At a hefty 3,000 pounds and with only 95 horsepower, the 6C 2500 Sport was far from an AA Fuel dragster


By the later 1930s and during the early 1940s, thanks to the high-profile successes won in motor racing by its sports and Grand Prix cars, Alfa Romeo had earned a well-deserved reputation for producing outstanding road cars. The groundbreaking and innovative engineering of Vittorio Jano was responsible for one of the most outstanding designs of all time, the 6C 2500.

This 6C 2500 with Berlinetta Touring Sport coachwork by Milanese coachbuilder Touring was made by Alfa Romeo in 1947, supplied new to Luigi Ledosti and Company, also of Milan, and first registered in the U.K. in September 1951.

The coupe is claimed to be an original and unrestored example, hence its appearance, which was described by a previous owner as "used." Incredibly, the 13,889 kilometers displayed when consigned for this sale are believed to be the genuine total for this car from new. The current condition of the chassis, coupe bodywork, and red paintwork is reportedly very good. The interior is original and the 2,443-cc, six-cylinder engine and four-speed manual gearbox are in very good order.

{analysis} This 1947 6C 2500 Berlinetta Touring Sport sold for $69,865 at the H&H Buxton auction held on April 7, 2004.

Early in the '20s, automotive engineers became aware that the four-cylinder engine could never be fully dynamically balanced. (The same was true of eight-cylinder engines, which were really just two joined fours.) However, the inline six (and its derivative V12) were naturally balanced. The slightly higher cost of a six, as opposed to the four, was more than offset by its quicker revving and higher output. Thus many sports car manufacturers, including Alfa Romeo, favored sixes.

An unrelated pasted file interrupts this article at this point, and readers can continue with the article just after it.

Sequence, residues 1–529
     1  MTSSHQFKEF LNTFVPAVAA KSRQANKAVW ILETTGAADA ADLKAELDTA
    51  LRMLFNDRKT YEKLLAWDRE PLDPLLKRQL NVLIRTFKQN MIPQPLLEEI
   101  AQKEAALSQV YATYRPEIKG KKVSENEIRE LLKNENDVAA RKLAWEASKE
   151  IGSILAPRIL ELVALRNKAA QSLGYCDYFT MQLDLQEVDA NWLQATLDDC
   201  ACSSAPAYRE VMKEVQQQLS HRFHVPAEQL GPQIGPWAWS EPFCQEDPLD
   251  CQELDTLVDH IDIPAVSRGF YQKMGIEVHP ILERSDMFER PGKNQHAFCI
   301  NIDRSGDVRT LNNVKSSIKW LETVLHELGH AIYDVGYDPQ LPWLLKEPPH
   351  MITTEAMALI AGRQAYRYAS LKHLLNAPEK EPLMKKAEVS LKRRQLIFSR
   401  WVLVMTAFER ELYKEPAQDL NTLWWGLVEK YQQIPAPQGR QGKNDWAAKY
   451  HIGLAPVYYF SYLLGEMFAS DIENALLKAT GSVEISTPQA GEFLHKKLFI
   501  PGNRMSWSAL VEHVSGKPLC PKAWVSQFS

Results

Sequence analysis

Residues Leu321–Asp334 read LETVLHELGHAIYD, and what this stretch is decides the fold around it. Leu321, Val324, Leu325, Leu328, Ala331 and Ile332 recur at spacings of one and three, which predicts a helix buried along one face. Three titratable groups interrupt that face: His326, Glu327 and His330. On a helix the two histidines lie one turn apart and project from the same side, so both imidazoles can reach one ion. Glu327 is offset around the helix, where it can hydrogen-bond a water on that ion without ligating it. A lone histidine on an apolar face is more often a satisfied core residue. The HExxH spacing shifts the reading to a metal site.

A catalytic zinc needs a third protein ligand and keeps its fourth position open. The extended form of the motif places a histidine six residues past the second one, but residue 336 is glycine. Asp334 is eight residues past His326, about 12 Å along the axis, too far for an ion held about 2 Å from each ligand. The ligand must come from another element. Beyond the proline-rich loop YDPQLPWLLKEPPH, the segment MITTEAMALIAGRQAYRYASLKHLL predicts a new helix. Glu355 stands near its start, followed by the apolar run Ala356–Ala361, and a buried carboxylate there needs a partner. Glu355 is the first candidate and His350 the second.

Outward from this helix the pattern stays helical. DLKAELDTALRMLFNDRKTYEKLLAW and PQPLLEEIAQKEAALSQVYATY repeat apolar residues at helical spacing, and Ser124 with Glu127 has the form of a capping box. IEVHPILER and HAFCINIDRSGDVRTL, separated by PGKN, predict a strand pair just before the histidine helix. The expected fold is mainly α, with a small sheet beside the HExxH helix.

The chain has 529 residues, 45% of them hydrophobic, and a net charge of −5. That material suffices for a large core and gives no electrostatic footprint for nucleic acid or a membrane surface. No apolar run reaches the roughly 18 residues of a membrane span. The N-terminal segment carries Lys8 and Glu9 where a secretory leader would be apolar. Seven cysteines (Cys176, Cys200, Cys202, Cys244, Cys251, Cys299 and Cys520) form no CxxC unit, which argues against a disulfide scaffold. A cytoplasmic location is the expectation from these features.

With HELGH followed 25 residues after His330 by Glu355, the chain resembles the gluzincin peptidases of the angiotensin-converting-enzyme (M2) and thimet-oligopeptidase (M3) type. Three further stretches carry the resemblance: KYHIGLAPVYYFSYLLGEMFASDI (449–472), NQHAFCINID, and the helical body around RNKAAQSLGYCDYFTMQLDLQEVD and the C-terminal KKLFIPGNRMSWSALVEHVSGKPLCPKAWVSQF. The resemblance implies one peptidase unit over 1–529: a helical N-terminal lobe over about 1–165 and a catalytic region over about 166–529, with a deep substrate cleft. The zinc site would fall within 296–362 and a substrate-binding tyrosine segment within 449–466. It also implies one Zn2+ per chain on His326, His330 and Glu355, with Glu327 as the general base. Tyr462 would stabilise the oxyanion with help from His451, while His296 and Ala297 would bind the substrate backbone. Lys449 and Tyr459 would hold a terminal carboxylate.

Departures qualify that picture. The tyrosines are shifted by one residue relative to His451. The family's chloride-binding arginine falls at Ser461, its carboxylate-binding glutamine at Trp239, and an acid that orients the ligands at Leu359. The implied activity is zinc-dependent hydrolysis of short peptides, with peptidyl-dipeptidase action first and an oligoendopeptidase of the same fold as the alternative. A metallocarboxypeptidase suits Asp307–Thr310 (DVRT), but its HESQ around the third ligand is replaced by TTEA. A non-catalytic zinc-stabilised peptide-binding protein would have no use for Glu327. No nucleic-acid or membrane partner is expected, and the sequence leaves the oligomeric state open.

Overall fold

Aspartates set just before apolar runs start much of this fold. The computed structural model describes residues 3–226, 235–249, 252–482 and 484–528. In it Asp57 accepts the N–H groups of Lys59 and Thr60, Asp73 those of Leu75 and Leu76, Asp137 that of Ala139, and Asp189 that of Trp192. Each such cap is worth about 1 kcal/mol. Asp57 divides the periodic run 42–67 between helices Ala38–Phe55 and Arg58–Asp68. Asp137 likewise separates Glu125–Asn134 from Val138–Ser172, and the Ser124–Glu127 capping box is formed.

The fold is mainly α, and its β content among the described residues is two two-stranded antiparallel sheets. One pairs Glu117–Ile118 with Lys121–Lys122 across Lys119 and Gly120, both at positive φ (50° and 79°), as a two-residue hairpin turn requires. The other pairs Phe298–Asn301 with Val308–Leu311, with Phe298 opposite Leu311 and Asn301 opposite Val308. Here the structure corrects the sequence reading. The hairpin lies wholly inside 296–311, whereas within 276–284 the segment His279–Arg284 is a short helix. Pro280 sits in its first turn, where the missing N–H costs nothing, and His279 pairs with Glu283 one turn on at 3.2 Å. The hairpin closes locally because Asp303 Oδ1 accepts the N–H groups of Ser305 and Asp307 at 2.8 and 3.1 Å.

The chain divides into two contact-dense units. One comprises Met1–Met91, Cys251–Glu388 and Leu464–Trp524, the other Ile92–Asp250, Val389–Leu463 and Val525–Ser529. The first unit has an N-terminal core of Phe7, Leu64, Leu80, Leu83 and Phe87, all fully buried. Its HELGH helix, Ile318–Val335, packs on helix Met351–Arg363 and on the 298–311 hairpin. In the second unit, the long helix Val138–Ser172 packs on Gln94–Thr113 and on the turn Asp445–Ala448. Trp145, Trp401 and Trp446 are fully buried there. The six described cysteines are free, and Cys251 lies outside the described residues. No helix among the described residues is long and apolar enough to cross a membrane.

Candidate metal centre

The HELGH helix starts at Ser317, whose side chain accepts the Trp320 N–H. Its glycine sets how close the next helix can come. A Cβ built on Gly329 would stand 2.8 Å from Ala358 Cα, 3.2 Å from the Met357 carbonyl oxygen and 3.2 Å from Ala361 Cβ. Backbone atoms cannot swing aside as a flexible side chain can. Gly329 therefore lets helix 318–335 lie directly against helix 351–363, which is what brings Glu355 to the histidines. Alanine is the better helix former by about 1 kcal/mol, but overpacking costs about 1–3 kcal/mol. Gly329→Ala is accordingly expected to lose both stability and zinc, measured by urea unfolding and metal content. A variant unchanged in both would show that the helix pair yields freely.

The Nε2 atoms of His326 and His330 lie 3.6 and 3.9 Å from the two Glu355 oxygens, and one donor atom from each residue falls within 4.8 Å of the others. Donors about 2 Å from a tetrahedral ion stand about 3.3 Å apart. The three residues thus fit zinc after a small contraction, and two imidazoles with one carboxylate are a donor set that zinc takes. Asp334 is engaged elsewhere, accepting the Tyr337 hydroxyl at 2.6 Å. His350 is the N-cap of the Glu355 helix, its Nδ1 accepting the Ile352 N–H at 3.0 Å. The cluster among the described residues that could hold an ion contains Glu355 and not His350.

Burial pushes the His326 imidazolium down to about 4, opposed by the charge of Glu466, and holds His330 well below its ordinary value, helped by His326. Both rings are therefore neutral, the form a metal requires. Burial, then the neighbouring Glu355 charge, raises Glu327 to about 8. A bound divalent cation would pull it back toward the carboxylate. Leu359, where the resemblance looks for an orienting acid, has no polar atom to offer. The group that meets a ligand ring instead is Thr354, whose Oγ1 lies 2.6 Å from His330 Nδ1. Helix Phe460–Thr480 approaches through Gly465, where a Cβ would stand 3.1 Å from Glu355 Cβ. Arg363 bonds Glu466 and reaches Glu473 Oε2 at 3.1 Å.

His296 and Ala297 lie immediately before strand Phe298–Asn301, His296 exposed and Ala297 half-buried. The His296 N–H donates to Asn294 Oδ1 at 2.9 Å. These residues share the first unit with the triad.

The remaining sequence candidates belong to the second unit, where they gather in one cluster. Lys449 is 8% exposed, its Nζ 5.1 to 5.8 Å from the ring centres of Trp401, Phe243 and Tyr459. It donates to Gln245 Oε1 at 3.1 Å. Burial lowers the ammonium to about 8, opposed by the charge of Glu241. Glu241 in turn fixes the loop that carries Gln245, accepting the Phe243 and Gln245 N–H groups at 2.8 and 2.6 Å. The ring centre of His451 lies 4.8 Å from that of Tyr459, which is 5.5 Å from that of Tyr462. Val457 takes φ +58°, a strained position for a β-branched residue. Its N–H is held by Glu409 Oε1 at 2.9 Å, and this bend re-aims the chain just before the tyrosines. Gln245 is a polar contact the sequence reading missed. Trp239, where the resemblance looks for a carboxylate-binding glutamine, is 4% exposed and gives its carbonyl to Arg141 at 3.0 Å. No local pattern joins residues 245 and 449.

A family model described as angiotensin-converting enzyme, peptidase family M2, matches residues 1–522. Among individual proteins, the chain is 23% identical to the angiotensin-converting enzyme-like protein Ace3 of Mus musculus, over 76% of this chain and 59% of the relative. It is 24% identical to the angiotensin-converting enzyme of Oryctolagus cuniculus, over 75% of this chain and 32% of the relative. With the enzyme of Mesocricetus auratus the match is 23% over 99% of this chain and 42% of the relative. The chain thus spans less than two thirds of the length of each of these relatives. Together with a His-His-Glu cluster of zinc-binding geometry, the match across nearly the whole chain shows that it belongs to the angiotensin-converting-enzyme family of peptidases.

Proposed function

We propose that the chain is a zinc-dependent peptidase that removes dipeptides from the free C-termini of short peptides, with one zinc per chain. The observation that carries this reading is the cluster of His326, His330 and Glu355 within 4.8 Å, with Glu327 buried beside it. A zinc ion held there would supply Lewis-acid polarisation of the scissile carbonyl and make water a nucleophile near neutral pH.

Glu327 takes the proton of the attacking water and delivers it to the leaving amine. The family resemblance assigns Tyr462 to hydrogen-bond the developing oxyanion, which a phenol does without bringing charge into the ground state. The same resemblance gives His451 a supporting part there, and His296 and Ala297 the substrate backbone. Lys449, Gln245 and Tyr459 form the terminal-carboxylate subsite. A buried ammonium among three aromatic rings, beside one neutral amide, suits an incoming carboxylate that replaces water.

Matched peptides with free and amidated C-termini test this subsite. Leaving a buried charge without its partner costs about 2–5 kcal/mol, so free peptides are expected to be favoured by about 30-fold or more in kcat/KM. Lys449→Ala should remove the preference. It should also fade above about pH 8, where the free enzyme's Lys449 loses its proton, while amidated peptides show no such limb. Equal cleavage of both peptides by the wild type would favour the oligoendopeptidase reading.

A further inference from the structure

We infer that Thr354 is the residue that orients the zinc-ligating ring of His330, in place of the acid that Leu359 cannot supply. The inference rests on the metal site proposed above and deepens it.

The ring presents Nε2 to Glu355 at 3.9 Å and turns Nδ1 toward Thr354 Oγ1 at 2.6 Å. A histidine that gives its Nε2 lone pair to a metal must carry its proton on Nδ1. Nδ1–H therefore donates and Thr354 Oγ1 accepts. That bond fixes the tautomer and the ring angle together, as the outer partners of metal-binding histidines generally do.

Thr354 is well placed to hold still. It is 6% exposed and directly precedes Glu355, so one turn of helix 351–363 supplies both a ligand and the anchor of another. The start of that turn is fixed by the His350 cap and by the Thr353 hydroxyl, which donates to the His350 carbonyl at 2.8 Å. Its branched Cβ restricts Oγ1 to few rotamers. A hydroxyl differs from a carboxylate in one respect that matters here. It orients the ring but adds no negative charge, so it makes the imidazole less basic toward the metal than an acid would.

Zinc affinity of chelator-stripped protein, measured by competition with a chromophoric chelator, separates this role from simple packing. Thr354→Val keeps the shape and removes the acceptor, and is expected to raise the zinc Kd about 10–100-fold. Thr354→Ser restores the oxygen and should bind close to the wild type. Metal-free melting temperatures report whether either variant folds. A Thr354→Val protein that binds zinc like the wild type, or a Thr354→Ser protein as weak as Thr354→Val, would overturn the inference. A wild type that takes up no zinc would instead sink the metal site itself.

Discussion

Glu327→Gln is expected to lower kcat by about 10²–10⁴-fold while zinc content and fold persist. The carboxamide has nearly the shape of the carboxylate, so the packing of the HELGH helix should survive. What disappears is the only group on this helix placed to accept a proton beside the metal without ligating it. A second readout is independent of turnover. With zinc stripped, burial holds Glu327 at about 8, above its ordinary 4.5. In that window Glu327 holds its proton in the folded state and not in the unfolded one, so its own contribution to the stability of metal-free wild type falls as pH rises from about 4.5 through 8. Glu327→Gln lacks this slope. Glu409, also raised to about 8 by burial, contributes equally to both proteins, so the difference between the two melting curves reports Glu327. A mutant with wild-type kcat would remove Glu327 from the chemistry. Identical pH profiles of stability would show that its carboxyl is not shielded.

Beginning in 1920, Alfa produced six-cylinder cars continuously through the end of 1953. The 6C 2300 engine was developed under the auspices of one of the great automotive engineers, Vittorio Jano, and powered Alfa to a string of international victories. In 1937, after Jano's departure, Bruno Trevisan took charge of the design and development of Alfa's six-cylinder cars and the 6C 2500 was the next logical step. By 1939, production was humming along.

In typical Alfa fashion, the 6C was offered in a variety of body styles, ranging from four-door sedans called "ministeriale" (these tend to be donor cars today), to the honest-to-goodness factory race cars. With some exceptions, all 6C 2500s shared the same chassis with various wheelbases ranging from 325 cm (about 128 inches) to the 270-cm (about 106 inches) Super Sport. Power ranged from a low of 90 hp at 4,200 rpm in the "coloniale" (to be used primarily in African colonies) to 110 hp at 4,800 rpms in the Super Sport. The difference between the engines was due to the usual factors, like camshafts, compression ratios and the number of carburetors.

Standard Alfa construction practices continued: a four-speed gearbox (the top three gears were synchronized after World War II), large hydraulic brake drums, independent front and rear suspension, 18-inch wheels, and right-hand drive. (Myth has it that this was done in imitation of the great touring and sports cars from Britain, including Jaguar and Bentley, but we would be interested in hearing other theories on this subject.)